Remember up above when I said that Disney “gets it?” There is something happening in fairy tales right now, a sort of paradigm shift. In 2010 Disney claimed they were no longer going to make fairy tale animated features. At the same time several, albeit bad, fairy tale features were released by other studios. In 2011, Disney gave us Once Upon a Time. It’s as though the songs of the princesses in the forests have lost their magic for us. And it’s no wonder, given all of the darkness surrounding us as a culture. We are hungry for the magic; we are hungry for the good hero to defeat the dark evil bad person. But we are also hungry for the darkness to become a part of us, because it already is.

There is a shroud of darkness on American culture today, and it is spreading into other parts of the world. Perhaps this is because of the prevalence of our cultural exchanges, or perhaps this is a darkness that has been trying to take over (the Overtakers) for decades (think Great Depression, atomic bomb, and Cold War), but the American optimism has always kept it at bay. That optimism has taken a vacation, it seems. Even Disney, who always gave us a message of hope and happiness in our darkest hour is putting forth messages that this is the time of monsters (KK) or that the fairy tales have forgotten who they are (OUAT).

Meanwhile, fairy tales are being retold with a vigor that we haven’t seen in a while. New Grimm texts were found. Movies retell the stories. Vampires, werewolves, and zombies are everywhere and literally eating us (though occasionally, they may sing us a song to lure us in their charms).

It’s difficult to describe the change that is happening while being in the middle of it happening. Hindsight is always 20/20, but At-the-moment-sight is typically blind. We’re still looking to the past, expecting it to have all of the answers. Oh but wait, you’ll notice we’re looking at the 1950s for those answers. Just because television and the movies painting the decade as Pleasantville, the decade was anything but. Darkness perpetuating darkness.

We haven’t learned anything from our previous encounters with Darkness in the past, which is why it is still bothering us. Call it the shadow or whatever, but until we start communing with this Darkness and learning something from it, we’ll be on this endless cycle for a while yet.

Lessons we’re learning from today’s myths: 1. Believe in magic. 2. Remembering or finding your true identity or self is the first step toward dealing with the darkness. 3. Listen to your elders–you don’t know how much longer they’ll be around to advise you. 4. Don’t listen to your elders if you know they’re advising you poorly. 5. Saving good from evil has no room for EGO.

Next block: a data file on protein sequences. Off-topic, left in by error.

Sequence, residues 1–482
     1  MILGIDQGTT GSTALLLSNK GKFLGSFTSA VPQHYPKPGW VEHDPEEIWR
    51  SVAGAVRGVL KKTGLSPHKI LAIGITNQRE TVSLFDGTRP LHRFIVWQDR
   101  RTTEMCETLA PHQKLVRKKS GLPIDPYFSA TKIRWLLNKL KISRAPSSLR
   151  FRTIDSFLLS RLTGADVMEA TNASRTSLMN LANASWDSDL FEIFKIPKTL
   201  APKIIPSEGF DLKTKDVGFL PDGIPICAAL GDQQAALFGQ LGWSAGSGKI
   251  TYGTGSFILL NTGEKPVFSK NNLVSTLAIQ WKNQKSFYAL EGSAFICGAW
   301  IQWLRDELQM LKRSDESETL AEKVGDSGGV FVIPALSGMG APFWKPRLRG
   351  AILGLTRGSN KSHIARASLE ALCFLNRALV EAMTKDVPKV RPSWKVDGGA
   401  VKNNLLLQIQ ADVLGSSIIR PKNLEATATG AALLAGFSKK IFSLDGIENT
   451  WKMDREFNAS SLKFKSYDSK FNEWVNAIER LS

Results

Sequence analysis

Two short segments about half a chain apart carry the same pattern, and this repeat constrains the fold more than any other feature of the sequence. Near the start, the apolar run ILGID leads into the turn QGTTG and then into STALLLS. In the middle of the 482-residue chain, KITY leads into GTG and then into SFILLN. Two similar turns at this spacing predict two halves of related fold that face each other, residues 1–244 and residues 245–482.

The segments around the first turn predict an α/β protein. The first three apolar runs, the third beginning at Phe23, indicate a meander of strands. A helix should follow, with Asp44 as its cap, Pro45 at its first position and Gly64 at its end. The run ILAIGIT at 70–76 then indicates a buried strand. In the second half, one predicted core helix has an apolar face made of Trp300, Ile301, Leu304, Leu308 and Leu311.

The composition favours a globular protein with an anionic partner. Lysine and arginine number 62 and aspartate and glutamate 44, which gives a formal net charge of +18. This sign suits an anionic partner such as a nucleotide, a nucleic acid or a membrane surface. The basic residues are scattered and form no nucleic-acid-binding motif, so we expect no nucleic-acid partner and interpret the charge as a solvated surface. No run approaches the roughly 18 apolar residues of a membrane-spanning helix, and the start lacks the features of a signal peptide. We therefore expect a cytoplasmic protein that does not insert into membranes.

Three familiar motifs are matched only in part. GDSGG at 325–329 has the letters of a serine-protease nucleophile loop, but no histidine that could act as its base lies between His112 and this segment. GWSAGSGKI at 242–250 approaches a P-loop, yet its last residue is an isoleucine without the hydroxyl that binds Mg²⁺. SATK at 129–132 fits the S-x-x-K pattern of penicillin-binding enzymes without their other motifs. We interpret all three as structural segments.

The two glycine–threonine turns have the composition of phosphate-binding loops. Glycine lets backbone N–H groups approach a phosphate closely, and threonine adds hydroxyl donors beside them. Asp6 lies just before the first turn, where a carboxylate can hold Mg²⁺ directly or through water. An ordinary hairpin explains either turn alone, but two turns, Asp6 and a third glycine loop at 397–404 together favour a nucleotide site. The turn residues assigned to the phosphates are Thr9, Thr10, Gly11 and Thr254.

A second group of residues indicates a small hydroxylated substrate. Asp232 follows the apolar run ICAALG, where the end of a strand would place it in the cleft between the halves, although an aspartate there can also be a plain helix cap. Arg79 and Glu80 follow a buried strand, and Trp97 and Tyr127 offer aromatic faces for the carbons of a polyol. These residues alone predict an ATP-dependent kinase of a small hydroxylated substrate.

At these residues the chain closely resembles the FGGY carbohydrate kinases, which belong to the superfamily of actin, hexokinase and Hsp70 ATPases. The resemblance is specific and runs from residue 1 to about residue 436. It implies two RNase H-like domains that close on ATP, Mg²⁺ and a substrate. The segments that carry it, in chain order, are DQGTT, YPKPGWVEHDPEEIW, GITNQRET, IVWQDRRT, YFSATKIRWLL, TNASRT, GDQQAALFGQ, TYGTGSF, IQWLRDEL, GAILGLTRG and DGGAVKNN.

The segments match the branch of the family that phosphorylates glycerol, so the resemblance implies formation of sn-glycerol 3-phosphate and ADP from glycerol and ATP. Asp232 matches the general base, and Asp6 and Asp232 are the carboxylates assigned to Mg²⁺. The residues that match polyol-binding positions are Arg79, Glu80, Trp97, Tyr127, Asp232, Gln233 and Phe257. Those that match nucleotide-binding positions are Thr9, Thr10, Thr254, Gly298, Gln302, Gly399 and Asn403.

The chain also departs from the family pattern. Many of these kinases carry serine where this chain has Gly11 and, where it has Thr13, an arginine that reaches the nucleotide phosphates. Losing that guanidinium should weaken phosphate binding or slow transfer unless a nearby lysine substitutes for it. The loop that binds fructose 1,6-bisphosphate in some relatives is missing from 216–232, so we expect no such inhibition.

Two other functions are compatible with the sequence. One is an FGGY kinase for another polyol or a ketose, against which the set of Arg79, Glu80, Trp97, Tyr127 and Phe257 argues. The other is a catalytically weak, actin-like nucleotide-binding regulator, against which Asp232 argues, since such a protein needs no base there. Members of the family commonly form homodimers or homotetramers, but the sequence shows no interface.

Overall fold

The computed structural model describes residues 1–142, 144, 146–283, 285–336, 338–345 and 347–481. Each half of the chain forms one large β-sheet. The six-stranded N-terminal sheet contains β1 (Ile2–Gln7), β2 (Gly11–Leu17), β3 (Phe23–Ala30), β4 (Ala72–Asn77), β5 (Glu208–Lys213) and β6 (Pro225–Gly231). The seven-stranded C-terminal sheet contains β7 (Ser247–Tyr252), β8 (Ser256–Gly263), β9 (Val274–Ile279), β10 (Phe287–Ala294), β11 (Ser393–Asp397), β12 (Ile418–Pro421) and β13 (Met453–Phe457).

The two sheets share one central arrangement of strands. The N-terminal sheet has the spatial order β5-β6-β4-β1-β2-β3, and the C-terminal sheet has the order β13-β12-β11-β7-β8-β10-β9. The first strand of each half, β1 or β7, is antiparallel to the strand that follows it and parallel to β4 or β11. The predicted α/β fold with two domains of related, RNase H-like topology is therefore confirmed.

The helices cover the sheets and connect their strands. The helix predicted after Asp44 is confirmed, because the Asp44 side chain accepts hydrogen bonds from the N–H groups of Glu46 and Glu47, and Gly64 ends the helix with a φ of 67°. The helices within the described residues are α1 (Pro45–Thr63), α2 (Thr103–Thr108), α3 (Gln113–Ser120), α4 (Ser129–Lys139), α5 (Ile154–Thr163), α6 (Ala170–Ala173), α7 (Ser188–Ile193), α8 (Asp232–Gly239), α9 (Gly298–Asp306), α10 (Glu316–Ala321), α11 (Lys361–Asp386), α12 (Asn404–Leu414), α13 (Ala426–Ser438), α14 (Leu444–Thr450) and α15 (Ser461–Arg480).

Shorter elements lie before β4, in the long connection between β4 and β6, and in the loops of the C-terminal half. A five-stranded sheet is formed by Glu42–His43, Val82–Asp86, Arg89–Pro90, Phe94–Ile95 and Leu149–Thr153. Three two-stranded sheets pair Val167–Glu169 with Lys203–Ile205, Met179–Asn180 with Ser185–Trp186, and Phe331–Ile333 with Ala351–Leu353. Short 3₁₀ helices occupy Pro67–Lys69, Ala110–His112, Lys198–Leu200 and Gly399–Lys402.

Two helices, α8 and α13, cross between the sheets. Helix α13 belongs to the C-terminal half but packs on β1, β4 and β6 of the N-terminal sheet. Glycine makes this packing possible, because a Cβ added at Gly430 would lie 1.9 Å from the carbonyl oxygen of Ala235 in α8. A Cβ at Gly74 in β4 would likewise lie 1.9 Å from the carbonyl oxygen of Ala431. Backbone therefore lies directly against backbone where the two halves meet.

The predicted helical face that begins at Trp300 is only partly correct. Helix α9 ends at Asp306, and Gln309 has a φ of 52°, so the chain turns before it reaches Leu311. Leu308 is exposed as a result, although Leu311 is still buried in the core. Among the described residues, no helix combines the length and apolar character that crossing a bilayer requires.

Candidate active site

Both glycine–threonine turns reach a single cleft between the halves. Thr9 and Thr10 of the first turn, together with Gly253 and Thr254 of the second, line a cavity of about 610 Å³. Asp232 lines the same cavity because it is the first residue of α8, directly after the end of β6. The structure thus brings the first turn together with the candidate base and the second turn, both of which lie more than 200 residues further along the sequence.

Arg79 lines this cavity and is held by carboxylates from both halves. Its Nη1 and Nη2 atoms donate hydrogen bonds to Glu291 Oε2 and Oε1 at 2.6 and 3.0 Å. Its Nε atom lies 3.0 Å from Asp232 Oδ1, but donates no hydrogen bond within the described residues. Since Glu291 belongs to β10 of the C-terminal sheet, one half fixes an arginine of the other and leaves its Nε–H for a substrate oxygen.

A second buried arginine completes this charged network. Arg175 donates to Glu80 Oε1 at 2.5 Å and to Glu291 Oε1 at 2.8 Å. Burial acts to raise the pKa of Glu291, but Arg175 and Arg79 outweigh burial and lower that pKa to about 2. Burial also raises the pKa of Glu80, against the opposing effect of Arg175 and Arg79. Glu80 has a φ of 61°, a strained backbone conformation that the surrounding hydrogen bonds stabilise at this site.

That said, I’m looking forward to the last two KK books. If the DHIs are successful in bringing down the Overtakers, perhaps we could stand to learn a thing or two from them?

Duryodhana: The Antithesis of Morality, A Character Study

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"What is in the Mahabharata can be found elsewhere,

but what is not in the Mahabharata cannot be found anywhere."

- Anonymous

The Mahabharata is said to be one of the primary myths governing India, maintaining popularity since its initial writing. The exchanges between the West, especially the British Empire, and India have brought The Mahabharata to a new audience. William Buck translated the epic into a condensed version that simplified the characters, plot, and concepts for this new audience, while also maintaining many of the mythic qualities inherent to the story. One such quality is found within each primary character representing a different aspect of the psyche. Because of the depth of The Mahabharata, their interactions paint a mythic road map, helping a person understand themselves through its images. One such character is Duryodhana, the Kuru prince, who represents the shadow at its most corrupt and morally reprehensible. An understanding of Duryodhana’s character will lead a person, Eastern or Western, to a necessary understanding of the dark side of the psyche. This understanding will bring a person closer to owning the shadow and achieving self-actualization, leading to enlightenment.

From the perspective of the Western reader, Duryodhana is a compelling character because his actions and behavior are counter to anything we find favorable. Within the framework of Western literature, exploring the hidden depths of psyche’s closet is much more interesting and necessary than analyzing the conscious world; thus, the prevalence of hero journeys and antiheroes in the stories. Due to the major differences between Western and Eastern cultures, one should ask why this tale is so compelling? One reason I would attribute to this phenomenon is the interest on the part of the West for the exotic nature of the East. When the British Empire controlled India, there was a vast wealth of exchange between the two societies, including goods, people and myths. The Mahabharata appeals to Western sensibilities because the myth focuses on the feud between cousins, raised as brothers. Western myths and fairy tales often focus on the single hero or ruler, and the story is of his or her quest. The Mahabharata offers five heroes, but they function mostly as a single unit fighting for their family honor against Duryodhana. In the context of chivalry, the match is unfairly numbered, but the five brothers are their strongest when they act as one unit and weakest when separated. Duryodhana is the worthy villain of a Western interpretation because he represents an antithesis to morality, as demonstrated below, showing that many moral tenants are universal and transcendent of culture and historical era.